Sometimes it takes time to uncover natures secrets. Take the case of callimicos, also called Goeldis monkeys, a reclusive and diminutive South American primate. Discovered a century ago by Swiss naturalist Emil August Goeldi, the animals were once considered to be a possible "missing link" between small and large New World monkeys.
An endangered callimico perches on the trunk of a tree in a Bolivian rain forest.
Credit: Edilio Nacimento Becerra
But new findings from the first long-term studies of the monkeys in the wild seem to indicate that this is not the case, although the animals have a unique set of anatomical, reproductive and behavioral characteristics.
Leila Porter, a biological anthropologist at the University of Washington, has spent nearly four years observing callimicos (Callimico goeldii) in the Amazon basin of Northern Bolivia. Her pioneering fieldwork has collected the first detailed data of the ecology and behavior of the animals, an endangered species, in the wild. Among other things, her observations show callimicos eat fungi during the dry season, making them the only tropical primate species to subsist on this food source for part of the year. They also have a different reproductive strategy from other small New World monkeys. Callimicos (Latin for beautiful little monkeys) have the capacity to give birth to a single offspring twice annually while their closest primate relatives – marmosets, tarmarins and lion tarmarins – give birth to twins once a year.
Porters findings have just been published in the journal Evolutionary Anthropology in a paper she authored with Paul Garber, a biological anthropologist from the University of Illinois at Urbana-Champaign.
Joel Schwarz | University of Washington
Smart Data Transformation – Surfing the Big Wave
02.12.2016 | Fraunhofer-Institut für Angewandte Informationstechnik FIT
Climate change could outpace EPA Lake Champlain protections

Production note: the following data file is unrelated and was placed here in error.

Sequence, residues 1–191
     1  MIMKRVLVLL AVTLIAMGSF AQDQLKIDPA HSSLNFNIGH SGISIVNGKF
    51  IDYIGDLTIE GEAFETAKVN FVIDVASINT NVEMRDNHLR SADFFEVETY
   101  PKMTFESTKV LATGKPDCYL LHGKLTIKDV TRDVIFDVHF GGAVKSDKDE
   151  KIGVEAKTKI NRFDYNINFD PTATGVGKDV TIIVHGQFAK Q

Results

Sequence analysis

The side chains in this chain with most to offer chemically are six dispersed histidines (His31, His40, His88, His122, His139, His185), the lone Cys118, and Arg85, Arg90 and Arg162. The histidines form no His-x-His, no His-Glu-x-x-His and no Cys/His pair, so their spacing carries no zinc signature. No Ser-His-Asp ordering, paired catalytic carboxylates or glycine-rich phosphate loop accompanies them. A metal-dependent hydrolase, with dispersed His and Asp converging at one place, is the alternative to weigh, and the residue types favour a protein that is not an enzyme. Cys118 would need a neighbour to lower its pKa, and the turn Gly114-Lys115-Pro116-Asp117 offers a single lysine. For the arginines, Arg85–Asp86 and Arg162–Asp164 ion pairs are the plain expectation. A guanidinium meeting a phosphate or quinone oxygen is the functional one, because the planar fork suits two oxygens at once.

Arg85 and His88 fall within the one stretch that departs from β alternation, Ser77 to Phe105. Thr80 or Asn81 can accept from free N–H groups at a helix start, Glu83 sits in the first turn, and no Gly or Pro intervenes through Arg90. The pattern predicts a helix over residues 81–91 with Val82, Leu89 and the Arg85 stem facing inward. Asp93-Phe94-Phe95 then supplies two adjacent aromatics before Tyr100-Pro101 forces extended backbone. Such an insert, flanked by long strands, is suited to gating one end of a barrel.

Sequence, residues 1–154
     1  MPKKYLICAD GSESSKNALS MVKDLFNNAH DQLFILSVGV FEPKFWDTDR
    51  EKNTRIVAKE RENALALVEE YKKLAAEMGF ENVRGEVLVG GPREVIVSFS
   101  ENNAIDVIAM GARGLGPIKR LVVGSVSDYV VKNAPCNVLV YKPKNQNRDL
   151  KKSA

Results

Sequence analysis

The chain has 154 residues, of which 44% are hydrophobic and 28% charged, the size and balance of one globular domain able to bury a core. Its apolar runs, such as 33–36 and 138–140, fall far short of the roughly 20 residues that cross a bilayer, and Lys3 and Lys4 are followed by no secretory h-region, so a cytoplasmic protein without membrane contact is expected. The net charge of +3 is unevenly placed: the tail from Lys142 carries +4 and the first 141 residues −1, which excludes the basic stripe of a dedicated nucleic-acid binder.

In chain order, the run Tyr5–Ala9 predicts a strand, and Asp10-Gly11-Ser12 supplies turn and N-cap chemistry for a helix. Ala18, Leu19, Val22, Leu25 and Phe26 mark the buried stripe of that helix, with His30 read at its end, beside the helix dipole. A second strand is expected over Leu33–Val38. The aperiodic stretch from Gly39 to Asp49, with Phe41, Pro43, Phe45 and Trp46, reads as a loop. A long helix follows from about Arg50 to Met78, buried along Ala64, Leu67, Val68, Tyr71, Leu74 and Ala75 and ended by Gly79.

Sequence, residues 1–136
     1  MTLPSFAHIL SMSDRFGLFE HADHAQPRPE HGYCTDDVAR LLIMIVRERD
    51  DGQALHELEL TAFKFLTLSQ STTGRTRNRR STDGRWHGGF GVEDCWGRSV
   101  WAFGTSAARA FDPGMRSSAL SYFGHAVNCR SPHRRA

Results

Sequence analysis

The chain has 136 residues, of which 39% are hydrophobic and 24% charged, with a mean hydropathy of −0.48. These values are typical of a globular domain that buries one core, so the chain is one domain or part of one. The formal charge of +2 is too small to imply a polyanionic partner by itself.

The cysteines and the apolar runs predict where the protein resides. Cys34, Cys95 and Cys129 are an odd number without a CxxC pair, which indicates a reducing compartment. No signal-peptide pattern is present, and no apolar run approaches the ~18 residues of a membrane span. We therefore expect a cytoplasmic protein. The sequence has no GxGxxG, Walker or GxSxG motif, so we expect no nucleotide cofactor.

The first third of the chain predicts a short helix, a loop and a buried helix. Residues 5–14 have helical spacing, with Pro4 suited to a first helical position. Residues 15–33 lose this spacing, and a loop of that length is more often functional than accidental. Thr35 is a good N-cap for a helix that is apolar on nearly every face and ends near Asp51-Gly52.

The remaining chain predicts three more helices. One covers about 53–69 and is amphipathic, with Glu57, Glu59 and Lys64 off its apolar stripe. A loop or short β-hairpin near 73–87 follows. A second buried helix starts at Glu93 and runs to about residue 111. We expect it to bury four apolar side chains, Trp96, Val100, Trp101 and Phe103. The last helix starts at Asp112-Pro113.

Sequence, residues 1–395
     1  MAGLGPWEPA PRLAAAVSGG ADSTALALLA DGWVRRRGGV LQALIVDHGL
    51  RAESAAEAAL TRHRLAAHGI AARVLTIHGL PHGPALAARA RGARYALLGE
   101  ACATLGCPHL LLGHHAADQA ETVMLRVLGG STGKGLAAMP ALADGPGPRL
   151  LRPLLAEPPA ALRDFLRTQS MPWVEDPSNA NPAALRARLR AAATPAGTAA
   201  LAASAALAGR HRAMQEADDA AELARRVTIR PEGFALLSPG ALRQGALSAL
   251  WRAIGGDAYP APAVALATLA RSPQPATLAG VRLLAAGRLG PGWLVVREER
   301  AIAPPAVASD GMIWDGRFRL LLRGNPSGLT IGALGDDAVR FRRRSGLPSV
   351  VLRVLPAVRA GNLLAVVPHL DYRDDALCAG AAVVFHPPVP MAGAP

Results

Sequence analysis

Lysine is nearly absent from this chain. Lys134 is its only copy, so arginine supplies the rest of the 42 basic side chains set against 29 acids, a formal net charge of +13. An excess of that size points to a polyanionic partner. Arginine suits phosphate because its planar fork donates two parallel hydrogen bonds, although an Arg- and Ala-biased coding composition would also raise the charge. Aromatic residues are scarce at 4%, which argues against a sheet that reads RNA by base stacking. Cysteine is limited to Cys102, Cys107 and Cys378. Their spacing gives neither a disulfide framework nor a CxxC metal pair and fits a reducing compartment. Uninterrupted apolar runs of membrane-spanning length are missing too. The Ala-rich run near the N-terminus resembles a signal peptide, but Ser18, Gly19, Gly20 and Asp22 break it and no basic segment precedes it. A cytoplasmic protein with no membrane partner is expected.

18.11.2016 | University of Vermont
A multi-institutional research collaboration has created a novel approach for fabricating three-dimensional micro-optics through the shape-defined formation of porous silicon (PSi), with broad impacts in integrated optoelectronics, imaging, and photovoltaics.
Working with colleagues at Stanford and The Dow Chemical Company, researchers at the University of Illinois at Urbana-Champaign fabricated 3-D birefringent...
In experiments with magnetic atoms conducted at extremely low temperatures, scientists have demonstrated a unique phase of matter: The atoms form a new type of quantum liquid or quantum droplet state. These so called quantum droplets may preserve their form in absence of external confinement because of quantum effects. The joint team of experimental physicists from Innsbruck and theoretical physicists from Hannover report on their findings in the journal Physical Review X.
“Our Quantum droplets are in the gas phase but they still drop like a rock,” explains experimental physicist Francesca Ferlaino when talking about the...
The Max Planck Institute for Physics (MPP) is opening up a new research field. A workshop from November 21 - 22, 2016 will mark the start of activities for an innovative axion experiment. Axions are still only purely hypothetical particles. Their detection could solve two fundamental problems in particle physics: What dark matter consists of and why it has not yet been possible to directly observe a CP violation for the strong interaction.
The “MADMAX” project is the MPP’s commitment to axion research. Axions are so far only a theoretical prediction and are difficult to detect: on the one hand,...
Broadband rotational spectroscopy unravels structural reshaping of isolated molecules in the gas phase to accommodate water
In two recent publications in the Journal of Chemical Physics and in the Journal of Physical Chemistry Letters, researchers around Melanie Schnell from the Max...
The efficiency of power electronic systems is not solely dependent on electrical efficiency but also on weight, for example, in mobile systems. When the weight of relevant components and devices in airplanes, for instance, is reduced, fuel savings can be achieved and correspondingly greenhouse gas emissions decreased. New materials and components based on gallium nitride (GaN) can help to reduce weight and increase the efficiency. With these new materials, power electronic switches can be operated at higher switching frequency, resulting in higher power density and lower material costs.
Researchers at the Fraunhofer Institute for Solar Energy Systems ISE together with partners have investigated how these materials can be used to make power...
16.11.2016 | Event News
01.11.2016 | Event News
14.10.2016 | Event News
02.12.2016 | Medical Engineering
02.12.2016 | Agricultural and Forestry Science
02.12.2016 | Physics and Astronomy